Bad Santa (2003)
Bad Santa (2003)

Genre: Crime Comedy Running Time: 1 hr. 31 min.

Release Date: November 26th, 2003 MPAA Rating: R

Director: Terry Zwigoff Actors: Billy Bob Thornton, Tony Cox, Lauren Graham, Brett Kelly, Lauren Tom, Bernie Mac, John Ritter, Alex Borstein, Cloris Leachman




repping himself for his horrible job as a mall Santa, Willie (Billy Bob Thornton) grabs a few drinks at O’Hara’s Pub before drunkenly heading to work. Once at his gig, he annoys the customers, ignores the children, continues to drink, and even urinates on himself. But this profession is just a front; after the mall closes, Willie is aided by his diminutive “elf” assistant Marcus (Tony Cox) and their getaway driver Lois (Lauren Tom) in robbing the place – including the large safe tucked in the back office.

After scoring thousands of dollars in the heist, Willie proclaims that he’s retiring. But after several months in Miami, he returns once again to the only trade he knows: grand larceny. Flying back to Phoenix to meet up with Marcus, the partners target a new establishment, the Saguaro Square. But this one has a much stricter security man, in the form of Gin (Bernie Mac, exhibiting every contorted facial expression in his playbook), as well as a perpetually perturbed, very timid manager, Bob Chipeska (John Ritter). Stuck in his typical, inebriated stupor, Willie can barely manage to get through each day as they scope out the joint – a mission made more complicated by a pesky kid (Brett Kelly) and a seductive bartender (Lauren Graham).

It may have a Christmas setting and Christmas themes, but it opens with a strikingly dispirited piano nocturne, which grandly sets up the contrasting notions that pepper the entire film. “I’ve seen some pretty shitty situations in my life…” insists Willie as he narrates his miserable existence, which includes a stint in prison, two failed marriages, and getting drafted by Lyndon B. Johnson. Within the first couple of lines, it’s evident that “Bad Santa” will be an extreme, offensive, wholeheartedly anti-Christmas picture, with dialogue that is outrageously bitter, hilariously abysmal, and occasionally even satirical.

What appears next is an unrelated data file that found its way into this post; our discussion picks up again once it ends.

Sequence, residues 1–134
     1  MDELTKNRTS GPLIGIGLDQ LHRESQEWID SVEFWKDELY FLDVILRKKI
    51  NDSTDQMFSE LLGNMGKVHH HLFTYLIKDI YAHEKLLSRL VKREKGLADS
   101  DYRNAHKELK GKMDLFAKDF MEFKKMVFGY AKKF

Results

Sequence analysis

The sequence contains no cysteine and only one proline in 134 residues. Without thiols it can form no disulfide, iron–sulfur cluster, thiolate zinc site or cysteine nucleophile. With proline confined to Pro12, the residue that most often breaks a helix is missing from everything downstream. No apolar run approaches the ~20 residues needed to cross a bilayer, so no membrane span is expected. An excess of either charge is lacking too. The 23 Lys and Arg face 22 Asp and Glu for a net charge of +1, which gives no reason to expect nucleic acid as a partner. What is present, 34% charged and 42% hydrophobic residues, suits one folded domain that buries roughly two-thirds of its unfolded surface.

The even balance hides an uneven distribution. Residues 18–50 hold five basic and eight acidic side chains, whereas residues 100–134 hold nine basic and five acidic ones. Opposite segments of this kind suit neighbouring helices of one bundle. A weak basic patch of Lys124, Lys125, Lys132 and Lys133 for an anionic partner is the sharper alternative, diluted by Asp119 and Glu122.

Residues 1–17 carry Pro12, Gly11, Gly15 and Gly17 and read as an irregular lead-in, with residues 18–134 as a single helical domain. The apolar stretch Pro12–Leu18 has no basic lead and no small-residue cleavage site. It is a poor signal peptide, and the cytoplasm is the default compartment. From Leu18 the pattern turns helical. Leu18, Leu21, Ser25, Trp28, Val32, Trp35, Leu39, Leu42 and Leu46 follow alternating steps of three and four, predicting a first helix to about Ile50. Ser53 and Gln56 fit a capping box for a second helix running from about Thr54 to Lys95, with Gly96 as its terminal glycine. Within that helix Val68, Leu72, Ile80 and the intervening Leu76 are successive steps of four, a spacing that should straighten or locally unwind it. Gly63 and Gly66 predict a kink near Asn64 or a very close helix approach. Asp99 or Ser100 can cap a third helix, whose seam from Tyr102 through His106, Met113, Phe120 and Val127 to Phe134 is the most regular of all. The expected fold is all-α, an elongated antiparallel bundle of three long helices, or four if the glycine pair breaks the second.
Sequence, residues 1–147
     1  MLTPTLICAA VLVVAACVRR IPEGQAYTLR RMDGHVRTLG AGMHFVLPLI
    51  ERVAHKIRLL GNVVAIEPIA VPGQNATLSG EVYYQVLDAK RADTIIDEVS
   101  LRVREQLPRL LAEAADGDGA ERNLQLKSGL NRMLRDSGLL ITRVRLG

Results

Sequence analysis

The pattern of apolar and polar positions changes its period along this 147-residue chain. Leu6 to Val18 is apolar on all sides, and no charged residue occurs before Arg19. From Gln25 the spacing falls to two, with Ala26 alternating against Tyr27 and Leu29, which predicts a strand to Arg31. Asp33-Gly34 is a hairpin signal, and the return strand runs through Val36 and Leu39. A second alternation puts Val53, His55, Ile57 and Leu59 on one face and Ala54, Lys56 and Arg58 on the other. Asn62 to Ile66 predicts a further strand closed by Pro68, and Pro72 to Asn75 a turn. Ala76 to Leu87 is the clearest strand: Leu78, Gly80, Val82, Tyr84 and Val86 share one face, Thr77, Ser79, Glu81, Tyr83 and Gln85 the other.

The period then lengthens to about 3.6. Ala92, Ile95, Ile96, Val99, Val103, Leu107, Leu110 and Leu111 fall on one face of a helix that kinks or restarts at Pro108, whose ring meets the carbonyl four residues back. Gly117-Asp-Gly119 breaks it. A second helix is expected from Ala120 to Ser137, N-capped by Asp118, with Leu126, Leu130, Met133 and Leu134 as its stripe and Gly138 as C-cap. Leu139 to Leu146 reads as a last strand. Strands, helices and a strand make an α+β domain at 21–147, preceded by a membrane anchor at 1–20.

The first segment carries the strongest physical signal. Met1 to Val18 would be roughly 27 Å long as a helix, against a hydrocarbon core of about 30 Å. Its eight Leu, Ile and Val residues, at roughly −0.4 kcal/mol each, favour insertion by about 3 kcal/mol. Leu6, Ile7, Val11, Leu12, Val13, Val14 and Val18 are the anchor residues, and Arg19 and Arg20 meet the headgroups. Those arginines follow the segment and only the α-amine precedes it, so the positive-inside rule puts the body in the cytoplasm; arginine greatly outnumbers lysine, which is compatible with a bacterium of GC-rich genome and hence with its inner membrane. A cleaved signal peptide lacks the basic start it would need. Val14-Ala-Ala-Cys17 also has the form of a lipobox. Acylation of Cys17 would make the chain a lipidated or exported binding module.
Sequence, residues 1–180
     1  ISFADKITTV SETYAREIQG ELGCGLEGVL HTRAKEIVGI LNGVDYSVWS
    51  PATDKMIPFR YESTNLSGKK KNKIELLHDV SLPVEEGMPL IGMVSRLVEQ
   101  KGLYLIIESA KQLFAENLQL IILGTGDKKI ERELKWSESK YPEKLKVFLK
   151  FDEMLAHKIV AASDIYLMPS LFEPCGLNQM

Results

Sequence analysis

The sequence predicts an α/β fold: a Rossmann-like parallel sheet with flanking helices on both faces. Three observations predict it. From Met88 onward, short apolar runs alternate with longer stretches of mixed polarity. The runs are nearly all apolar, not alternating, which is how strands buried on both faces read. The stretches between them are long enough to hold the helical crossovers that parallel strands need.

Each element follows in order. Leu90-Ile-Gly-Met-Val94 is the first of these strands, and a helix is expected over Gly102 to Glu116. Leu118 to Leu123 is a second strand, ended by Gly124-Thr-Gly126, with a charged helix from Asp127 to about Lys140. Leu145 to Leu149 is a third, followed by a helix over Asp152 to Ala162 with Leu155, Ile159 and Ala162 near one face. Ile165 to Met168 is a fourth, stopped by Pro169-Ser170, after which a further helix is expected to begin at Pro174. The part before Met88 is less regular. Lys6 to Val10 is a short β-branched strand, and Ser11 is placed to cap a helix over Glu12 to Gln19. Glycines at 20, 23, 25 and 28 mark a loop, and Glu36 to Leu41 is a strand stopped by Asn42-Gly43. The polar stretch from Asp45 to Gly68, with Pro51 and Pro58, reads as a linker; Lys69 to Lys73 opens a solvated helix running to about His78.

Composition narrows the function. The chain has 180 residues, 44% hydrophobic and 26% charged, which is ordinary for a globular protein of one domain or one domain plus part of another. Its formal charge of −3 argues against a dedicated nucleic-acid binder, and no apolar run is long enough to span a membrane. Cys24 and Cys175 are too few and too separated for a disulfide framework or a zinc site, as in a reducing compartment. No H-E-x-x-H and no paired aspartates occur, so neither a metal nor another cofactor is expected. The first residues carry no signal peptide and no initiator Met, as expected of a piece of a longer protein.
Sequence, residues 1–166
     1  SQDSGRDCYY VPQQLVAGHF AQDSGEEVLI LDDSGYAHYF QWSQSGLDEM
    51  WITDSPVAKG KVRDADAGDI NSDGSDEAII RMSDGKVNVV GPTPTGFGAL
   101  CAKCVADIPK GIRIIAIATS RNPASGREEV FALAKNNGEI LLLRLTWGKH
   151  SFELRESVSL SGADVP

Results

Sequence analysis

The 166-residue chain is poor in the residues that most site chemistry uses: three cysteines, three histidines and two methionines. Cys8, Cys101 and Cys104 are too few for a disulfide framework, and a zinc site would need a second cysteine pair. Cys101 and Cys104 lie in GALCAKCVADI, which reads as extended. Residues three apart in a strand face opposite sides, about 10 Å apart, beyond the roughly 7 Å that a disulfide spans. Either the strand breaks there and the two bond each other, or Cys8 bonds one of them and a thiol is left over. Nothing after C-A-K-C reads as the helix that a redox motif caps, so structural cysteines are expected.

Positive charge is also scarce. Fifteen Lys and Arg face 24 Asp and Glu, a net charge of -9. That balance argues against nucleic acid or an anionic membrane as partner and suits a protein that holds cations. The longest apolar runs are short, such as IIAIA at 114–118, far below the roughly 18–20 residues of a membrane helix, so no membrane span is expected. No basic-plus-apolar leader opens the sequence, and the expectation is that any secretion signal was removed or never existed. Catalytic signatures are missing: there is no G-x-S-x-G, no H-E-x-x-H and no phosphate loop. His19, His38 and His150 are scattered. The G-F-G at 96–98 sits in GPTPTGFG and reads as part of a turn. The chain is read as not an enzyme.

“Bad Santa” may be a comedy, but it derives laughs from ample helpings of awkwardness and weirdness. From sexual fetishes to the slow, noisy eating of an orange, to all sorts of caustic insults and instances of self-loathing, the script is inundated with emotionally crippled characters with an overabundance of psychological problems. Willie is, in fact, so hopelessly despicable that it makes little sense for him to acquire a love interest – unless, of course, she’s as damaged as he is. With the addition of the coincidental child, a most unorthodox family unit is created, which might have been even more deplorable if this arrangement wasn’t placed in the hands of director Terry Zwigoff (“Crumb,” “Ghost World”), who has a knack for crass material and pathetic antiheroes.

Although the pacing isn’t as tight as it could be, and the leading man is painted out to be beyond redemption (he’s so disgraceful he even rips off the kid who saves him from an accosting), there’s a glimmer of hope in his eventual usefulness as a morbid savior and tool of vigilante justice. His journey of humanization (or the softening of a terribly hardened heart) is sometimes genuinely poignant, even when it’s surrounded by preposterously reprehensible conduct. Though it’s riddled with repetition, numbing amounts of cursing, a handful of failed jokes, and uncomfortable gimmicks (as well as a few moments of sublime juxtaposition and booming symphonies), it all comes together in a rather momentous, purposeful finale, which sheds light on the underlying concepts of regaining or recognizing self-worth (complete with a fantasy-oriented atonement of sorts). “I beat the shit out of some kids today. It made me feel good about myself.”

– Mike Massie

  • 8/10